A capital idea: the whole world should stop shouting…

JOURNALISM lecturers at Leeds Trinity University have been told not to use ‘frightening’ capital letters, according to a silly story doing the rounds yesterday.

I wasn’t aware of this during the morning sessions and the students didn’t mention anything. One of my roommates at Leeds Trinity told me about the story at lunchtime, as she dashed off to be interviewed by BBC Look North about the deal Johnston Press, owners of the Yorkshire Post, the Scotsman, The i and other newspapers, has agreed with its creditors.

At the start of a long afternoon session, the third-year students asked me what I knew. Not a lot, but I’d seen the story on the Daily Express website, under the headline “University lecturers told DON’T USE CAPS as it frightens students.”

According to the Express, we’d all been told not to write in capital letters as it might alarm the students. The paper said this was blasted by some as “more academic mollycoddling” of the snowflake generation.

No one seemed to know where this concocted story came from, but the university issued an official statement saying it wasn’t true and pointing out that it was “best practice not to write in capital letters regardless of the sector”.

Over on Twitter, where this sort of story incubates in rapid fashion, some people made despairing jokes in capital letters, while lecturers at the university mocked the nonsense. I am happy to lend my part-time shoulder to the chant: “I LECTURE AT LEEDS TRINITY UNIVERSITY AND HAVE NEVER BEEN TOLD NOT TO USE CAPITAL LETTERS.”

The key to all this, if it even needs a key, lies in that use of the ‘snowflake generation’, that mean-minded put-down for young people. When the older generation – and, heavens, you need to be getting on a bit to read the Express; and heavens times two, I’m getting on a bit and that paper seems fusty and crusty to me – uses dismissive phrases about young people, it just comes over as mean and small-minded.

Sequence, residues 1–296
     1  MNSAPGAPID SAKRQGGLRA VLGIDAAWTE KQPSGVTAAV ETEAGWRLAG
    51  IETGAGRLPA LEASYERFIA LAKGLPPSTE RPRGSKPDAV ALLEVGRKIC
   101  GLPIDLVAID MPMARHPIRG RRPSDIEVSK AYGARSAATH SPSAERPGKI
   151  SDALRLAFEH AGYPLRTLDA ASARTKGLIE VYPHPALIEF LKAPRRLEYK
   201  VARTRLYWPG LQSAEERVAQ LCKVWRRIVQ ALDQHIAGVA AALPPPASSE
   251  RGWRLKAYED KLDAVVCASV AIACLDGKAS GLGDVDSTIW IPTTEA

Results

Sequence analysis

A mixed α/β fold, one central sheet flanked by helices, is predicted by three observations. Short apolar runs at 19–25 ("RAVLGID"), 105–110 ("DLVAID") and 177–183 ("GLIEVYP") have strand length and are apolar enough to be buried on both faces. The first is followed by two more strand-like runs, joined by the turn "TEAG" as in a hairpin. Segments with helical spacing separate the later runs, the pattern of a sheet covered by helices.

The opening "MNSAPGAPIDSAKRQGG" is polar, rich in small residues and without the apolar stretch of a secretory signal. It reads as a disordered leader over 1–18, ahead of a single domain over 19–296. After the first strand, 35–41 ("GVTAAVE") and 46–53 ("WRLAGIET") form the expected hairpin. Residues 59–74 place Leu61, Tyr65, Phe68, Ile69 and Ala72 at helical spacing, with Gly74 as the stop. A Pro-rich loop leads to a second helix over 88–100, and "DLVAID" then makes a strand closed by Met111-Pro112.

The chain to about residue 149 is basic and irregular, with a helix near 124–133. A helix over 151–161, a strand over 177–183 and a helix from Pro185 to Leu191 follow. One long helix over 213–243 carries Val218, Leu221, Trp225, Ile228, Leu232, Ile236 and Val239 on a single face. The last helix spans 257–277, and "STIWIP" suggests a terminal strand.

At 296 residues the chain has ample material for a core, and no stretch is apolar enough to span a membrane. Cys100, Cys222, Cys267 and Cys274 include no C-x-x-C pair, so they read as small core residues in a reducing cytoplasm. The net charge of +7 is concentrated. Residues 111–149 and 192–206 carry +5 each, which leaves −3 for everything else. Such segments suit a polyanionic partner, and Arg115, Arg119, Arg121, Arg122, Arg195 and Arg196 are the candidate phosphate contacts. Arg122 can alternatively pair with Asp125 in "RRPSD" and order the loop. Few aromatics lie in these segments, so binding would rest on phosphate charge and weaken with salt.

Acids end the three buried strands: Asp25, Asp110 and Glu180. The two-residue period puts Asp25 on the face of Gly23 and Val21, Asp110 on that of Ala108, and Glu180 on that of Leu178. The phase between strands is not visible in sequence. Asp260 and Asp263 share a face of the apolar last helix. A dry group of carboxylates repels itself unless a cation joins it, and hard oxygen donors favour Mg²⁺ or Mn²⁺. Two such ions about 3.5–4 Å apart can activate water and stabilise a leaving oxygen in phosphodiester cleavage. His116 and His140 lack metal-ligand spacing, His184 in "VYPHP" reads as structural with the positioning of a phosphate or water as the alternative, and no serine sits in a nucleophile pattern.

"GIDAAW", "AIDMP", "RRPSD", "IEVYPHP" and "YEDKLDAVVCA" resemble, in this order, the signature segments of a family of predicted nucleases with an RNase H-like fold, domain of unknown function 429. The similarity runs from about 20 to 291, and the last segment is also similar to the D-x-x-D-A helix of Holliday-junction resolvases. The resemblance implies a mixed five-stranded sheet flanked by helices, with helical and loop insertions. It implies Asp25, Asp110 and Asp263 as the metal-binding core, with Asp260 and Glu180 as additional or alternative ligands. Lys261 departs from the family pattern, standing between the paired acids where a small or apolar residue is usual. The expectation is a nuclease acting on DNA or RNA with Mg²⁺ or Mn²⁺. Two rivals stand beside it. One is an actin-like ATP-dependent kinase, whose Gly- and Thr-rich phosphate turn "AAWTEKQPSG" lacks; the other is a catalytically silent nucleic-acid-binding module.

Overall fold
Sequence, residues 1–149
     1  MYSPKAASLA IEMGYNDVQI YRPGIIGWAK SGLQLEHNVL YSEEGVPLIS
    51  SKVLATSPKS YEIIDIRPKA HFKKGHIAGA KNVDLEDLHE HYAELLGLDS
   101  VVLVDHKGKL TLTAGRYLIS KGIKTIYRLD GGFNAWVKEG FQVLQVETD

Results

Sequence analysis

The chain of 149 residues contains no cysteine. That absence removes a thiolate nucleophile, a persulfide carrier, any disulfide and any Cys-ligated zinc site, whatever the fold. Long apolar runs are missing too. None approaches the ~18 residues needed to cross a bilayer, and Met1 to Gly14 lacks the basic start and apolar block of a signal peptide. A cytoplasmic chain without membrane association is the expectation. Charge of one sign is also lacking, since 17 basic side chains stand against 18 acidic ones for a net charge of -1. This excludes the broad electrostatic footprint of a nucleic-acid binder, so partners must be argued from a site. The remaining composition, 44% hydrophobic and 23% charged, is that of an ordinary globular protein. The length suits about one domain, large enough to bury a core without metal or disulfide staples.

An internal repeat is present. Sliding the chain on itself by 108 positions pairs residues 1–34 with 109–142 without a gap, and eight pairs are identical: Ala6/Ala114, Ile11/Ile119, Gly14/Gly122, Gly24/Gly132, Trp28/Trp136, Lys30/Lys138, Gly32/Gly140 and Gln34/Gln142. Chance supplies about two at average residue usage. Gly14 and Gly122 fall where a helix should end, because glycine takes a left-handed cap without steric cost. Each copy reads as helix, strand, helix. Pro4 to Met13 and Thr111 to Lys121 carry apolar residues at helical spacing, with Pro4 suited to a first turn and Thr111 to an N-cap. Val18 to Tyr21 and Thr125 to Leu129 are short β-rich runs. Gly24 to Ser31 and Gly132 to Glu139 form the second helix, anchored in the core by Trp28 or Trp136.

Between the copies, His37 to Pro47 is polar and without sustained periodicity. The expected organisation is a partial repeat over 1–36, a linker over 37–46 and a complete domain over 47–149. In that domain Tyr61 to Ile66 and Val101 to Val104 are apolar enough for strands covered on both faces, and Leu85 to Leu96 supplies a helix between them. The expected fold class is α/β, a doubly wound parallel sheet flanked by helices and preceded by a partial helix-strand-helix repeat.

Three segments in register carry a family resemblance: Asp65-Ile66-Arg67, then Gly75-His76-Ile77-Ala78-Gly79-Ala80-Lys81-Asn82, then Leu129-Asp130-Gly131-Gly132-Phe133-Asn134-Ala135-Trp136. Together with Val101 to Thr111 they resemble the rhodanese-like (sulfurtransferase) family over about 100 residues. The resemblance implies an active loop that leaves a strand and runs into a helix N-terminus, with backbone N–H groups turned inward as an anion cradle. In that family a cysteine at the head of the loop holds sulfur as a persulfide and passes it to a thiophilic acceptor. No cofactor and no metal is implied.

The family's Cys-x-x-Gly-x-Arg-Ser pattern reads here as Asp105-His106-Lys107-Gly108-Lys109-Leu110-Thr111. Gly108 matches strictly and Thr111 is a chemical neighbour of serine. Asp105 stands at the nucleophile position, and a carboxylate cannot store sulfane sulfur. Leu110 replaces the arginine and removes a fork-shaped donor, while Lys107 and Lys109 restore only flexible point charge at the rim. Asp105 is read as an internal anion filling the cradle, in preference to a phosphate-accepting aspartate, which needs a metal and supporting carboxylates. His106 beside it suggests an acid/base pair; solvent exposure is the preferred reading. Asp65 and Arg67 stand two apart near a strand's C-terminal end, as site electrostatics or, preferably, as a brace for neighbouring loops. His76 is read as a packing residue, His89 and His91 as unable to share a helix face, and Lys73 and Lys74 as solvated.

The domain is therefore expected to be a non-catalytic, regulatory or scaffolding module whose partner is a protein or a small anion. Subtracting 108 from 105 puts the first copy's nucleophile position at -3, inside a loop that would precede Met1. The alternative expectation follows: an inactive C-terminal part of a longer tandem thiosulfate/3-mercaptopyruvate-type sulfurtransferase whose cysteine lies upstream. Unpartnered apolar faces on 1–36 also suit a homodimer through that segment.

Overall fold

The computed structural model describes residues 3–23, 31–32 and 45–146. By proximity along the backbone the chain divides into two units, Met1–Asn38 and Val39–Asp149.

I asked the afternoon students if they minded being called snowflakes. Some certainly did, while others weren’t quite sure what the insult meant. If you ask this old snowball, it’s a silly but unpleasant way to refer to young people, and it builds up a picture of that generation being wimps and complainers.

I meet many young people nowadays and all I can say is that generally they’re great.

Anyway, the journalism lecturers at Leeds Trinity are a friendly and supportive bunch. And at least they now have new material for lectures about sources and how nonsense stories can end up in the newspapers, pushed there by mysterious and sometimes malicious means, often to fit a grumpy mind-set (“Get me a story about young people being snowflake wimps – we need to keep political correctness going: it’s a good sell for us”).

One obvious thought occurs to this journalist/lecturer. The newspapers who complain about this sort of thing call on capital letters all the time, especially on their shouty front pages. And in this age of Brexit bollocks and Trump tantrums, everyone uses capital letters to bawl and bellow their opinions, shouting each other down.

Perhaps the whole weary wide world should just stop using capital letters.

Leave a Reply